Table 3: Tax Tools Available to Municipalities

Tax Tool

Description

Mill (Tax) Rate

The rate that when applied to assessment values will raise the amount of taxes required to meet the revenue required in the City’s budget.

Property Class and subclass

City Council may establish classes and sub-classes of property for the purposes of establishing tax rates. If a property class or subclass is established, the assessor shall determine to which class or sub-class any property belongs.

Mill Rate Factor

City Council may determine a mill rate factor, that when multiplied by the uniform tax rate, will determine the tax rates for each property class and subclass established. Mill rate factors are used to distribute tax burden amongst property classes.

Minimum Tax

City Council may establish a minimum tax payable for all properties or for a property class or subclass. This allows municipalities to establish a minimum amount of tax with respect to any property. Minimum tax can only be applied to municipal taxes.

Base Tax

City Council may establish a base tax payable for all properties or for a property class or subclass. The base tax is a specific amount of property tax levied regardless of the assessed value of the property. Base tax can only be applied to municipal taxes.

Tax phase-in plan

City Council may phase in a tax increase or decrease for taxable property, or a class or sub-class of taxable property, resulting from a reassessment. This only applies to the municipal portion; however, it may apply to other taxing authorities but only if agreed upon by the other taxing authority.

 

City of Regina Tax Policy1997 to Present

The assessment system determines stable and reliable values upon which tax policy can be developed. For an ad valorem system to be effective, property assessments are updated regularly so assessed values are reflective of general property values. In Saskatchewan, provincial legislation dictates that assessment values be updated every four years. This process is commonly referred to as reassessment. Historically, the City of Regina has reviewed tax policy with each reassessment.

 

1997 Reassessment

The City of Regina experienced a major reassessment in 1997. Prior to 1997, the same tax rate applied to both residential and non-residential properties. Non-residential properties were also subject to business tax.
 

The City of Regina sought substantial public input and consultation with various groups throughout the city. The removal of business tax and the tax distribution between residential and non-residential property classes was part of these discussions.

 

The following recommendation was approved by City Council in 1996:

“City Council use mill rate factors to control the total taxes paid by the residential and non-residential (commercial/industrial) property classes, with the mill rate factors applied to shift the current distribution of taxes (58 per cent residential and 42 per cent commercial/industrial) to a distribution of approximately 63 per cent residential/37 per cent non-residential by 1999. The shift for 1997 would be to approximately 60 per cent residential and 40 per cent non-residential.”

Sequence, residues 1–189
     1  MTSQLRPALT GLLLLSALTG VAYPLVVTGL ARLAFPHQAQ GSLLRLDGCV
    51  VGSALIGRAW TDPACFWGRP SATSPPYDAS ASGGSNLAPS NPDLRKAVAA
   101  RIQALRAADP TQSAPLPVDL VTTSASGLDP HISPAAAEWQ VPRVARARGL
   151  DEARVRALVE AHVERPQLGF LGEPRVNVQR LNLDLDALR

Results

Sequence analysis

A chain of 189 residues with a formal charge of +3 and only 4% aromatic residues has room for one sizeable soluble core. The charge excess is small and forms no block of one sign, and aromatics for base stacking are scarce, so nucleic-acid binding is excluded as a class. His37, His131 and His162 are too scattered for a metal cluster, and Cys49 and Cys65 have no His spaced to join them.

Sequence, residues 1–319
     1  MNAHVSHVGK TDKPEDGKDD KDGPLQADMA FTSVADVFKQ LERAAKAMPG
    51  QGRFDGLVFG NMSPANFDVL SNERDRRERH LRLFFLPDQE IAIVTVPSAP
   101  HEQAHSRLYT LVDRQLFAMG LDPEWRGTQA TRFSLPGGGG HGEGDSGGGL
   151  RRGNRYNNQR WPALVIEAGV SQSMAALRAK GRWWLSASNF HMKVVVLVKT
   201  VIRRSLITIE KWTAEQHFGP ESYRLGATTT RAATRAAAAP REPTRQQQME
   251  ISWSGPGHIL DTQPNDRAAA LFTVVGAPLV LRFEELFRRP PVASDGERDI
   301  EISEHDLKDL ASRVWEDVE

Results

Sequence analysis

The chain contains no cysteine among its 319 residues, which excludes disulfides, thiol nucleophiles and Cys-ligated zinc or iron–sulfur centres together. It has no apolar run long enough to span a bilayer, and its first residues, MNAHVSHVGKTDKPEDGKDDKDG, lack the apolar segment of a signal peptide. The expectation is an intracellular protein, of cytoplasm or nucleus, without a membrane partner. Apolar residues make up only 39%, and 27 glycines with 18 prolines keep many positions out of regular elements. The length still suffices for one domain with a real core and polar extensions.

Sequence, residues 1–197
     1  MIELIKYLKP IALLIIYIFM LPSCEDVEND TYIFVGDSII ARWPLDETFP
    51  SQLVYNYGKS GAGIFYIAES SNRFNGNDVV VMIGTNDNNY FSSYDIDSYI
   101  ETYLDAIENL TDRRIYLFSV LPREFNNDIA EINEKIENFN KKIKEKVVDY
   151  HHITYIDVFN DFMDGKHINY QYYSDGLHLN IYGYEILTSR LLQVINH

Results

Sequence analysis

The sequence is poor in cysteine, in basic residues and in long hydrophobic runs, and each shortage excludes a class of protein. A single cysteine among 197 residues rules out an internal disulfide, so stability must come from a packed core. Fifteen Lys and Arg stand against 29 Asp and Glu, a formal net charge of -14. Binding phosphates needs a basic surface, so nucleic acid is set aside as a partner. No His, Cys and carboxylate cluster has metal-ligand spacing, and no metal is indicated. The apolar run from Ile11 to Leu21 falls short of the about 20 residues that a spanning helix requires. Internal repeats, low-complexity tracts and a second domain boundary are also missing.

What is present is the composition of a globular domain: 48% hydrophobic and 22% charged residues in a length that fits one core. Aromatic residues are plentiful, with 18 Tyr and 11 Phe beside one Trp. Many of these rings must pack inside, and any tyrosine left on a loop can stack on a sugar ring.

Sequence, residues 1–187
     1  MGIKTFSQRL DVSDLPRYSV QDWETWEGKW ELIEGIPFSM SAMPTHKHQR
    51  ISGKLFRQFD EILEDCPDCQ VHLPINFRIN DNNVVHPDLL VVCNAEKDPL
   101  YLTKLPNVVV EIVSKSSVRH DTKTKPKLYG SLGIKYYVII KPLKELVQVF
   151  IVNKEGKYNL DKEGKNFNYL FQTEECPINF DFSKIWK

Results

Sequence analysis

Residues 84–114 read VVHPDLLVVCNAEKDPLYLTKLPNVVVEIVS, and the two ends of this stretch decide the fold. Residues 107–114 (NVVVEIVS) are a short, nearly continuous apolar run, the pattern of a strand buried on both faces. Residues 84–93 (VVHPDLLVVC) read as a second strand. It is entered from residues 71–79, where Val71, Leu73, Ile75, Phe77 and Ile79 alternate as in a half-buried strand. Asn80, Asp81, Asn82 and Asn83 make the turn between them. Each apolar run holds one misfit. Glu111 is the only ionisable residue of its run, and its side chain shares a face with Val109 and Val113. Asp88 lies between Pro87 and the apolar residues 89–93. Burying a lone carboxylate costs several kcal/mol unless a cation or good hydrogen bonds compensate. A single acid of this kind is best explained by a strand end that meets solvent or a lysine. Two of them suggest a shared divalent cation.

A factor in this recommendation was City Council’s decision to phase out business tax by 1999. To lessen the impacts of the reassessment, a complex tax phase in policy was established to phase in tax increases and decreases for all properties.

 

2001 – 2017 Reassessments

For the 2001 reassessment, mill rate factors were established such that there was no shift in taxes to or from the commercial and industrial group of properties.

 

The Reassessment 2005 Tax Policy Report noted that “[t]here is no City Council policy with respect to the percentage of total property taxes that are to be collected from commercial and industrial properties”. For 2005, City Council adopted the principle that the share of taxes between classes of properties will remain the same after reassessment, meaning that there would be no shifting of taxes from one class to another due to reassessment results.

 

For the 2009, 2013 and 2017 reassessments, City Council continued the trend of establishing mill rate factors such that the relative share of property taxes between classes did not change due to reassessment.

 

While the relative share of taxes between residential and commercial properties was not changed with each reassessment, there has been a significant variance within the commercial property class. As such, a tax phase in policy was approved for commercial properties for each reassessment.

 

Relative Tax Share Distribution – 2005 to 2018

The charts in Appendix A: City of Regina Relative Share of Tax Distribution show the changes in the distribution of residential and non-residential tax share since 2005. Chart 1 shows the percentage split between residential and non-residential classes. Graph A is a graphical depiction of these percentages. Graph A illustrates that both residential and non-residential taxes have remained relatively stable since 2005 with the residential tax share increasing slightly over this timeframe.